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Star Trek: Voyager – Alice (Review)

Alice is a misfire.

To be fair, the episode seemed doomed from its original set of premises. Star Trek: Voyager has never been particularly good at capturing the sense of Tom Paris as a restless unreliable rebel. The episodes of Voyager focusing on the character’s rebellious tendencies tend to be spectacular misfires; Ex Post Facto, Investigations, Vis à Vis, Thirty Days. These stories do not play to the strengths of either the writing staff or Robert Duncan McNeill, feeling largely incompatible with the character of Tom Paris as he developed in the wake of Caretaker.

I’ll never get used to not living inside of Alice.

However, Alice literally weds this familiar and unsuccessful premise to another recurring Voyager trope with a less-than-impressive rate of success. It is not enough for Alice to be another story about Tom Paris proving that he has a rebellious streak, that premise has to be woven into a broad science-fiction gothic horror in the style of Threshold or Macrocosm. Indeed, Alice is explicitly a psycho-sexual horror in the mode of Blood Fever or Darkling, inevitably butting up against the difficulties of constructing an episode that is about sex but can never discuss sex.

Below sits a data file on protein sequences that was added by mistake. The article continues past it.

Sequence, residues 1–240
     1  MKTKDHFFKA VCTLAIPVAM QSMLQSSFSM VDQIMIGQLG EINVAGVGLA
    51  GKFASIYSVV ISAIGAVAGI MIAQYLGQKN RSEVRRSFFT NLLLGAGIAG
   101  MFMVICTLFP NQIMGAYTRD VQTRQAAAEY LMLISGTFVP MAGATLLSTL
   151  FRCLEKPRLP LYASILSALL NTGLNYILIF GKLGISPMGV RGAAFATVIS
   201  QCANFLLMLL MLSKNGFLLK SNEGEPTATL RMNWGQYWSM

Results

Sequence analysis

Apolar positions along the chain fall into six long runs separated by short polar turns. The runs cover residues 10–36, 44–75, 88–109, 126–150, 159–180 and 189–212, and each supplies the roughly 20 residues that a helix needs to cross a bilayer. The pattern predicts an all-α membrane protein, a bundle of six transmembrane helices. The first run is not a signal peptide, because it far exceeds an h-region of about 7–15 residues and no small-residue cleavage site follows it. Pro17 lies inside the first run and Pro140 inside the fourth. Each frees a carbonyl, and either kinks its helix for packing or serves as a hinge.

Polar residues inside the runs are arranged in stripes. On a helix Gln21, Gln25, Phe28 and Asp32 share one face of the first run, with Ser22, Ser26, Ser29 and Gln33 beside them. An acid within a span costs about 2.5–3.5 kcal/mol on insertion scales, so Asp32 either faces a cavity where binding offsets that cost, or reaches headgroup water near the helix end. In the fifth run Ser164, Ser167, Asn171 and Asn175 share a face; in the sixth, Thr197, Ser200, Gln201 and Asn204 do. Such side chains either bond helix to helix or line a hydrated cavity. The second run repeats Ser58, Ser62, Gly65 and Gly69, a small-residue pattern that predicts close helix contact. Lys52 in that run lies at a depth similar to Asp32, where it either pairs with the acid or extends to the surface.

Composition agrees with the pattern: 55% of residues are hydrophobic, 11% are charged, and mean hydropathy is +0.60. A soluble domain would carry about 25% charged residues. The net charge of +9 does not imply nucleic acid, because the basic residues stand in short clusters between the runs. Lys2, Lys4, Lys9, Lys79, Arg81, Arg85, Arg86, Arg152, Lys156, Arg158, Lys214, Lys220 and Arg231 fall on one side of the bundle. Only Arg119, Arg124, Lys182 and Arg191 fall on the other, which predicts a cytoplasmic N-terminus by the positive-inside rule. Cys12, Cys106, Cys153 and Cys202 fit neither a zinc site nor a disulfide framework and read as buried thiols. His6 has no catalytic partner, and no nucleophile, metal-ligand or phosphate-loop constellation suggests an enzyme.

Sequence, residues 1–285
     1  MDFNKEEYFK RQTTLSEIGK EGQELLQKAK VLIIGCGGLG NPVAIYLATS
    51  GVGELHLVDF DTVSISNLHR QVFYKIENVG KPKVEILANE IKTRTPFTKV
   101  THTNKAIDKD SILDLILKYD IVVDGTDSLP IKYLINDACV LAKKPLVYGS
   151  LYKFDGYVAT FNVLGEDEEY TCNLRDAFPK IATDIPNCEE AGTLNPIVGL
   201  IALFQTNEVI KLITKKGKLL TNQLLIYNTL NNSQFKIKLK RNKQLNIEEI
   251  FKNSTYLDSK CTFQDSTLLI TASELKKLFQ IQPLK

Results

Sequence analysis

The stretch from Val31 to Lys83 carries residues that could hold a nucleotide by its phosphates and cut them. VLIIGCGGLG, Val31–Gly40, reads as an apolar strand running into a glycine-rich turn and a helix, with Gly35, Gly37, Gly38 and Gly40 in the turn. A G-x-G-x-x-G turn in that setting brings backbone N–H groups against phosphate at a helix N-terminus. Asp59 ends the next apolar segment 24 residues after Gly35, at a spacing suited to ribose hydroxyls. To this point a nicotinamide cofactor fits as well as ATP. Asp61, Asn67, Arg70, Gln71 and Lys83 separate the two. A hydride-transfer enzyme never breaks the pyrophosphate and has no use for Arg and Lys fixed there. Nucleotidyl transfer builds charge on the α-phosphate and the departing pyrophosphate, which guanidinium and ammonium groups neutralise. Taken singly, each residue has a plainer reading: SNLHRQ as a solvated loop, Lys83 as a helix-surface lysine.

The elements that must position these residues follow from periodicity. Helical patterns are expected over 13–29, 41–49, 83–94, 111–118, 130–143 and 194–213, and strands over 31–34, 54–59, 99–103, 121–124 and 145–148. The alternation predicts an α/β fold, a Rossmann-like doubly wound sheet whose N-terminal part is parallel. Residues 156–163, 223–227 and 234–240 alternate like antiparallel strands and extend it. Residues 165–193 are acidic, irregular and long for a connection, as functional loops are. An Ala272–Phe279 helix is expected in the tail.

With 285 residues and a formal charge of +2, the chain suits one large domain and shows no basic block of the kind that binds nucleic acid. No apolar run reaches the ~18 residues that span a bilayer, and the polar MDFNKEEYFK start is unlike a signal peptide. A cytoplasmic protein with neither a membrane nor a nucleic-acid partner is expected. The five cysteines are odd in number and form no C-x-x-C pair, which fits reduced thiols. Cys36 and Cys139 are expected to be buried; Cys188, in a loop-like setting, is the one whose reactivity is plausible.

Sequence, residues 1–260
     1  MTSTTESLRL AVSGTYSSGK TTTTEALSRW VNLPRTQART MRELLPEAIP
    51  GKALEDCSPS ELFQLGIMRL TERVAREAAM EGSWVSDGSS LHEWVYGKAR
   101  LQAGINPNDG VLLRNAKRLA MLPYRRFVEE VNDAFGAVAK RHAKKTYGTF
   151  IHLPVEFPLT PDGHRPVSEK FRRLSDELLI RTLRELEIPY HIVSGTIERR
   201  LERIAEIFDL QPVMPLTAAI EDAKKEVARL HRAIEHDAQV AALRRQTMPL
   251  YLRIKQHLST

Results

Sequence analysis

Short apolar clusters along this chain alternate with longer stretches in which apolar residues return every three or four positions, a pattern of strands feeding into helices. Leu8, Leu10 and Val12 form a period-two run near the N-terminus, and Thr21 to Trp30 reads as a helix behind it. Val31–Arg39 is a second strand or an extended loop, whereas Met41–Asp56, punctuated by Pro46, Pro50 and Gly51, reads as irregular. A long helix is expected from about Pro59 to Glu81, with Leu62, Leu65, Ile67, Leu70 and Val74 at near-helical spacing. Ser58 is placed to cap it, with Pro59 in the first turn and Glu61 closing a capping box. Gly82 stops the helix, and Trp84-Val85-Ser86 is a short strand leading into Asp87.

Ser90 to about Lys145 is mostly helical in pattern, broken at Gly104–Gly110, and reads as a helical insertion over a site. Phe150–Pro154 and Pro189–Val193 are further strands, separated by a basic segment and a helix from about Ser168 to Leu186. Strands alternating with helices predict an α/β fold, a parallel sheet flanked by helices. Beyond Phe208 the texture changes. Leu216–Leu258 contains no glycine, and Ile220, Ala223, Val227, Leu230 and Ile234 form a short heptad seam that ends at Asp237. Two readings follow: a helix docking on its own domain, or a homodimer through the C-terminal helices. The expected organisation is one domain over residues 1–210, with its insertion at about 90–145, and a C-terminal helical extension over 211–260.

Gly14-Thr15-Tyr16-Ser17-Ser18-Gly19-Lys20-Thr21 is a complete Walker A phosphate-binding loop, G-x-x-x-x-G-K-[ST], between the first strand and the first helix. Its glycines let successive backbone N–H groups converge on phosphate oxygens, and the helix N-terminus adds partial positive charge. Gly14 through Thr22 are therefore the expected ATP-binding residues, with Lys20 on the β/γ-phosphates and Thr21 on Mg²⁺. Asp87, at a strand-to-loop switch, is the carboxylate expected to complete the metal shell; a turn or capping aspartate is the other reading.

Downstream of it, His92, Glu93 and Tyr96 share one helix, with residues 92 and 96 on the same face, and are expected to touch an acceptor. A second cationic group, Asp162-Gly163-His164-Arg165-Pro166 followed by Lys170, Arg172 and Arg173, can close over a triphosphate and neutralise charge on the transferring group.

Alice is flawed from the ground-up, but those flaws are only further revealed in the clumsy execution and the disappointing storytelling. Alice is a very bad piece of television.

A deep-space dust-up.

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Alice in Funderland at the Abbey (Review)

I had the pleasure of catching Alice in Funderland at the Abbey Theatre on Friday night. An attempt to playfully recast Lewis Carroll’s iconic story against the backdrop of modern Dublin, it is – for most of its runtime – an enjoyable high-energy experience with a cheeky charm and a winning wit. It is, however, just a little bit uneven – especially in its first act. In fact, the play works much better indulging its delightful appetite for the insane and the surreal, instead of attempting to offer rather blunt commentary on the political and social character of modern Ireland.

Alice? Who the %@#! is Alice?

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Luther: Series 2 (Review)

I loved the first series of Luther. I genuinely adored it. It was a wonderful six-episode arc following the perils of DCI John Luther as he walked a thin line between, as Ripley remarks here, “being dirty and being willing to get your hands dirty”, all of which culminated in a rather fantastic final two episodes that explored the implications of that sort moral corruption in law enforcement. So the follow-up season had a lot to live up to, and – while it’s still well-written, well-acted and solidly entertaining – it can’t help but feel a little disappointing. While there are other considerations, the most damning one is this: two two-part episodes don’t given enough room for a season-long arc.

Putting it all together...

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